If you own bonds issued by the Commonwealth of Puerto Rico or one of its public entities, you need to read the latest report from Alan Schankel of Janney Montgomery Scott. An old-line broker in Philadelphia, Schankel has published the best overview of Puerto Rico debt that I have seen. And the future for most of this debt does not look too bright as Puerto Rico’s economy is barely crawling along.
There is nothing shocking in Schankel’s broad overview:
With outstanding debt in the range of $60 billion, Puerto Rico is one of the more prolific issuers of tax exempt municipal bonds. The fact that interest on island debt is exempt from all state and local income taxes generates particularly strong investor demand for bonds of the Commonwealth’s various issuers.
About half of the debt is general obligation or otherwise tax backed, while most of the remainder is secured by revenues, including electricity sales, water and sewer utility charges and highway tolls, with all bonds to varying degrees dependent on the fortunes and stability of the island’s economy. Puerto Rico’s status as a territory adds unique considerations to credit evaluation.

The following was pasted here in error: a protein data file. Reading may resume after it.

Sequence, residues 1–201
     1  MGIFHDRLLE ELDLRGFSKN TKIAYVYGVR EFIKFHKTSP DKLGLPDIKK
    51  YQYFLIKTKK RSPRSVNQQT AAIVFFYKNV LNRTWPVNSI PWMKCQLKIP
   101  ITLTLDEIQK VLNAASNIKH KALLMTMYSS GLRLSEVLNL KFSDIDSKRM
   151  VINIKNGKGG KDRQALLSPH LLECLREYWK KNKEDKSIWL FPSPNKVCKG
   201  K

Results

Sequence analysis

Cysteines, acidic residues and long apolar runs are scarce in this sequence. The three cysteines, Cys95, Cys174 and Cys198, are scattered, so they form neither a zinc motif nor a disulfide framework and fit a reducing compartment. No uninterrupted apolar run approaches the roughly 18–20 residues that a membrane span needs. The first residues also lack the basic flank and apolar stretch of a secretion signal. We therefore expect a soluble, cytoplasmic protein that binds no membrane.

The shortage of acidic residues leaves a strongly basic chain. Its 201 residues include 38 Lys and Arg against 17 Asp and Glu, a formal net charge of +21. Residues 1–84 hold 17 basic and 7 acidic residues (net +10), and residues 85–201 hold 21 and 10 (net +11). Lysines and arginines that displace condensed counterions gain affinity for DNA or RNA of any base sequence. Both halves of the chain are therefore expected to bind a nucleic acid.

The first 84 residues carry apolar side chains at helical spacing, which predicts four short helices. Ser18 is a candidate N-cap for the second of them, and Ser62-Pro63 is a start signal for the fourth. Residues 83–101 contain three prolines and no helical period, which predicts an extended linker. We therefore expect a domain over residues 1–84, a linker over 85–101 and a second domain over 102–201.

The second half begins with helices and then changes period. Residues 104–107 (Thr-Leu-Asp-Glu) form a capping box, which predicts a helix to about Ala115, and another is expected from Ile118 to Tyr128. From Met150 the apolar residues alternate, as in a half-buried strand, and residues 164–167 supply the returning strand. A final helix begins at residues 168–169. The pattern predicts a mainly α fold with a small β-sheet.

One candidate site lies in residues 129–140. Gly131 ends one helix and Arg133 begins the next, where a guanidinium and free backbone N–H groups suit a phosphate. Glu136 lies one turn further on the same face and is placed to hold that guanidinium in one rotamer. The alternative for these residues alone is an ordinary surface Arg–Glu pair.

Here are Schankel’s money quotes:
Current general obligation credit spreads, with yields about 200 basis points above AAA benchmarks, do not reflect bondholder risk.
Translation: An investor is not getting paid enough interest to cover the risk of owning these bonds. Prices need to come down, and yields need to go up.